Too frequently, Canadian Courts write overly long opinions or judgments. Specifically, it is not uncommon for judgments to run from the tens into the hundreds of pages. Such verbose judgments detract from the role of the Court, which is to set forth what the law is (if something is said, that no one understands, was anything really said at all?).
Likewise, verbose opinions create systemic inefficiency, requiring large amounts of time both to write, then later to read, analyze and try to determine “just what exactly does this mean or say.” This adds cost and complexity to the system, which ultimately is borne by the public purse.
To address this issue, which I will term “poor legal writing” I will suggest the following:
- The Courts should adopt rules along the following lines:
- Legal opinions and/or judgments shall not exceed ten pages in all but the most complex cases (such exceptions shall not be permitted in more than 5% of a Court’s opinions and/or judgments). Preferably, legal opinions are to be kept under 5 pages.
- To the fullest extent possible, legal opinions should be kept simple, so that they may be read and understood by the public. To the extent possible, complex topics shall be explained in plain language.
- Latin shall not be used or referenced in any opinion.
- To ensure our Courts embrace brevity and conciseness, I propose a bill be signed into law, providing the following:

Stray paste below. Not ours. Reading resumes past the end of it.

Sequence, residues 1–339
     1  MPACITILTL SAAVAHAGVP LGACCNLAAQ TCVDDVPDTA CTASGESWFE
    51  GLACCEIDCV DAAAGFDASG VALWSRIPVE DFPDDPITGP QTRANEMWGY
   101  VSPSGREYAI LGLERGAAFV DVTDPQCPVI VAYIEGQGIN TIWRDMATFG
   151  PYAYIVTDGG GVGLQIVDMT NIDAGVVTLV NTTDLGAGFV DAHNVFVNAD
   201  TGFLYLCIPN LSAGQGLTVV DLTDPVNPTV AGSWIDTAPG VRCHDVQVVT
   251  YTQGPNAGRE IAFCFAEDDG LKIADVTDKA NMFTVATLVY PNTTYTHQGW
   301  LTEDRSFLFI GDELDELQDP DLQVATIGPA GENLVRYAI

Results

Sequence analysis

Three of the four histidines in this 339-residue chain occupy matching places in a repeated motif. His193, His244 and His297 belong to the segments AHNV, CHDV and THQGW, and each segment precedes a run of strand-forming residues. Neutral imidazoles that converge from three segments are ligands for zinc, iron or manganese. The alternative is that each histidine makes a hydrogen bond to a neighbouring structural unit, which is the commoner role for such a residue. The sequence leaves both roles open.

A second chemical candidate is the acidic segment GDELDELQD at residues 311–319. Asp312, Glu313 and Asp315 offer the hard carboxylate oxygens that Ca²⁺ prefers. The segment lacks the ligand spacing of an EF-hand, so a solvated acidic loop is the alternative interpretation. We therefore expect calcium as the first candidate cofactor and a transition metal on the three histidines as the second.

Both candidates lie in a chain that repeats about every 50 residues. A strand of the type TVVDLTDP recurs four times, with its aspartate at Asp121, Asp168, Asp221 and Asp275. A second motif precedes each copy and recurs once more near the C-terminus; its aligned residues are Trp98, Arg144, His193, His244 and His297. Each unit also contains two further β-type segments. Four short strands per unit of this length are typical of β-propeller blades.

- The Court system is a limited and overburdened public resource. To partially address this issue, it is desirable that opinions and judgments of the Court be concise. To effect this goal, for any Court system, where more than 5% of written opinions or judgments in any calendar year are in excess of 10 pages in length, the following shall occur:
- It’s budget shall be reduced by $1M in the first year of non-compliance, $10M in the second year, $100M in the third year and $1B in the fourth year and thereafter, until such Court system ceases such inefficient use of scare resources.
- For any Court system in non-compliance, it’s employees shall be barred from receiving any raises or compensation to which they would otherwise be entitled, and such compensation shall be forfeit and returned to the treasury for deficit reduction.
For more information or to discuss these opinions, please contact Michael Lesage of Michael’s Law Firm in Hamilton and Toronto ON at 647-495-8995.